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Atbenæum Press Series.
This series is intended to furnish a
library of the best English literature
from Chaucer to the present time in a
form adapted to the needs of both the
student and the general reader.
works selected are carefully edited, with
biographical and critical introductions,
full explanatory notes, and other neces
POEMS BY JOHN KEATS
“What more felicity can fall to creature,
Fate of the Butterfly. - SPENSER.
EDITED, WITH INTRODUCTION AND NOTES
BOSTON, U.S.A., AND LONDON
COPYRIGHT, 1896, BY
ALL RIGHTS RESERVED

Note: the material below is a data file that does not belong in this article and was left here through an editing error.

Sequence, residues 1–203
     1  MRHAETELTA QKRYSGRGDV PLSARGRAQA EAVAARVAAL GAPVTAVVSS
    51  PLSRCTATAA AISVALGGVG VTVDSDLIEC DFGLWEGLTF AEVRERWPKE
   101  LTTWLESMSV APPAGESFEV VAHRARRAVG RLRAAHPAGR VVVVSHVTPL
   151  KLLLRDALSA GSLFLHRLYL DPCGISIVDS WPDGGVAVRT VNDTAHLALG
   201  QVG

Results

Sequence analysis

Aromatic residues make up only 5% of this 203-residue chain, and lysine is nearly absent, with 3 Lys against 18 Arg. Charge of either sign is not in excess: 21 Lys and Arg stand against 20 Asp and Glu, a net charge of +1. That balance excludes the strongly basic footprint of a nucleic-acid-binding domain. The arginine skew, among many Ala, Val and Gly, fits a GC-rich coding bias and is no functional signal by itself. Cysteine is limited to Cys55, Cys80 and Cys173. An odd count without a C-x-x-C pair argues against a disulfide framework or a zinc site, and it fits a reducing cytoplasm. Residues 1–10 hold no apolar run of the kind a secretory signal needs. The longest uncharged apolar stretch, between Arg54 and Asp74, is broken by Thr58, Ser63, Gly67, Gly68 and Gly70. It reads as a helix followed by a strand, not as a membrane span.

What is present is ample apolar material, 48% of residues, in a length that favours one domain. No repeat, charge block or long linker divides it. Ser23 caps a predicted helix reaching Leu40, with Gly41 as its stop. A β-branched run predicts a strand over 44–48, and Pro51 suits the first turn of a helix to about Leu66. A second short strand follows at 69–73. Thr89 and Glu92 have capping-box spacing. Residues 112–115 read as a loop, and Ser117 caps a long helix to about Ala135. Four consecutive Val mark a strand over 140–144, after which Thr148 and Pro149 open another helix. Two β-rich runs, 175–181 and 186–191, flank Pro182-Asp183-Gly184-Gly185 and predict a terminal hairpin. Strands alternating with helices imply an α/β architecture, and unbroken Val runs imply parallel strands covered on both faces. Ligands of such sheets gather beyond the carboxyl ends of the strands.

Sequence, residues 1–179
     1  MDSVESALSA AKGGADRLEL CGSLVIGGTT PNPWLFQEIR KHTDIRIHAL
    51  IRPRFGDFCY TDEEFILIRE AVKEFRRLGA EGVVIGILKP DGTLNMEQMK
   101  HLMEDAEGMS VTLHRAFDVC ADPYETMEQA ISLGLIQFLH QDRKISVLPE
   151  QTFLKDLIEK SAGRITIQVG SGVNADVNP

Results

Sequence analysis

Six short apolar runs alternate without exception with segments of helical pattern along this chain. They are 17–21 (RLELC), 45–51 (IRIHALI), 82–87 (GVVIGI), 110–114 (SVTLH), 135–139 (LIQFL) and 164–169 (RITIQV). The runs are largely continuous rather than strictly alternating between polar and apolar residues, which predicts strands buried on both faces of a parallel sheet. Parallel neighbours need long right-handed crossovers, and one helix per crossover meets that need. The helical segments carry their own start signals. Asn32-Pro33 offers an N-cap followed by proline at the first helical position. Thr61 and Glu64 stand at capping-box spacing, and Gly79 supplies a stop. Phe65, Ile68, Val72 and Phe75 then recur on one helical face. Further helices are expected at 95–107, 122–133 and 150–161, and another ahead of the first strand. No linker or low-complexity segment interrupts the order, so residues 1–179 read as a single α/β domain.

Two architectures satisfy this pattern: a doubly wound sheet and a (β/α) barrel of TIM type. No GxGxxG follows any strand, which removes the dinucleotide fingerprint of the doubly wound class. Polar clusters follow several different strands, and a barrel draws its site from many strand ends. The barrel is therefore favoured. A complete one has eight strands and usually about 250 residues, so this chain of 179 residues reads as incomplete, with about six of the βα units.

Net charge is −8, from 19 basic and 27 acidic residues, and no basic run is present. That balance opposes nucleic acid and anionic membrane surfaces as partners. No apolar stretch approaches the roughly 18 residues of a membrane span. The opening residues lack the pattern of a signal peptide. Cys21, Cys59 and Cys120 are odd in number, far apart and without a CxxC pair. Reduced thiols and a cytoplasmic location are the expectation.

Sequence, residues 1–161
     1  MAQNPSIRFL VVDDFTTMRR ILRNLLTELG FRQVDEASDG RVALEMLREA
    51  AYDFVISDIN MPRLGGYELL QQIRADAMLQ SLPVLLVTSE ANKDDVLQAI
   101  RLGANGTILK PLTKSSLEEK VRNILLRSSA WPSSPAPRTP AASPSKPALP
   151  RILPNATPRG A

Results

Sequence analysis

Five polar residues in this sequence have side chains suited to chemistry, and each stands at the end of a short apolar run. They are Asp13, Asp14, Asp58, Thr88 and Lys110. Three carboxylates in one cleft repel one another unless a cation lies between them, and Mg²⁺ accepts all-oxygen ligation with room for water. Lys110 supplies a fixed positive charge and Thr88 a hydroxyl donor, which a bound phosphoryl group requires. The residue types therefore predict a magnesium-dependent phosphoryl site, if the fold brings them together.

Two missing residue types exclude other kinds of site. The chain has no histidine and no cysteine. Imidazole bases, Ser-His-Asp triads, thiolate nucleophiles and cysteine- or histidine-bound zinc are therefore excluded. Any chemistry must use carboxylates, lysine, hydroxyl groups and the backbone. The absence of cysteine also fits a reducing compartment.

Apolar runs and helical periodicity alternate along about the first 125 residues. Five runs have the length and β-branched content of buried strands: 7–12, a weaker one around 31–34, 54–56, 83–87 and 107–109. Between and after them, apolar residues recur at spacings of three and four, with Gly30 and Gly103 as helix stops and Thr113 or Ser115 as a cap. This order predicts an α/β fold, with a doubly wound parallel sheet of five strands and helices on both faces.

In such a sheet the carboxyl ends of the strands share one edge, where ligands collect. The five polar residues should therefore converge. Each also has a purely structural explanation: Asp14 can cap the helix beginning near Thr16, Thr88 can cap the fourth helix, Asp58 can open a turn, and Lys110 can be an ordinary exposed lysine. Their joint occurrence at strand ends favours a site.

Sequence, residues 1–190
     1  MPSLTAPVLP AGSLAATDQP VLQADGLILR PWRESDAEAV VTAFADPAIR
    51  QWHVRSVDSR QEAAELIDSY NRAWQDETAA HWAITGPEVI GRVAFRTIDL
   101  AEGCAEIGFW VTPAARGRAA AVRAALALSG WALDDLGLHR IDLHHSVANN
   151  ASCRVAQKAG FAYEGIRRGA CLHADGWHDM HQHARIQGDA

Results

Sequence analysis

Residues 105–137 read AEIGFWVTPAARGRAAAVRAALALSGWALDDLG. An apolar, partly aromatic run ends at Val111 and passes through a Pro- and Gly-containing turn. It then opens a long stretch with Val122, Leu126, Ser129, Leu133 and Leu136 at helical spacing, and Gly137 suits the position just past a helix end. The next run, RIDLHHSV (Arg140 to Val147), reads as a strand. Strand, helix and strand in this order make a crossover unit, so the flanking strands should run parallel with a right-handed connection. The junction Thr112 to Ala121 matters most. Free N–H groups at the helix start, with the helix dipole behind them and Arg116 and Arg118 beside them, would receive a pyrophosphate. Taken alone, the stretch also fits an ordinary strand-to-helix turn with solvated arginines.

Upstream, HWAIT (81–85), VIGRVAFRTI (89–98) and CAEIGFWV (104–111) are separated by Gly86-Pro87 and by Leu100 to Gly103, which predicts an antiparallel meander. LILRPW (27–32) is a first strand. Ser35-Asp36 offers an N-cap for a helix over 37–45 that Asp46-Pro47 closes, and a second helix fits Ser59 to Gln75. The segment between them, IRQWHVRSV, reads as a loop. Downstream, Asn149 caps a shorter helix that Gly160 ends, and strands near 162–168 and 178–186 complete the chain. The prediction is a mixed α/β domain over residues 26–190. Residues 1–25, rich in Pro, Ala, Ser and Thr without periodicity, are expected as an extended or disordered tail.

In the making up of this volume certain liberties have been taken which may seem to call for a word of explanation. The common arrangement of the poems has been discarded, and spelling and punctuation have been to some extent modified. Hitherto the poems have usually been printed according to the contents of the three volumes published in Keats's lifetime, the posthumous work following in the order which has seemed good in the eyes of particular editors. The only conceivable objections to a departure from this plan are that it had in parts the sanction of the author and that it is impossible to know how Keats would have arranged the poems had he lived to edit a complete edition. On the other hand it is evident that he could not have retained an order so ineffective and so little calculated to give to the general reader a just impression. There is much in the first volume—especially the Epistles — which is of little value save to the special student of the development of Keats's genius, and equally there is among the posthumous work a good deal which the poet would probably never have printed. It does not seem to me that one shows intelligent admiration for a poet by dragging forward all the experiments in verse by which the bard learned his technique ; and I have ventured to omit certain verse which I feel entire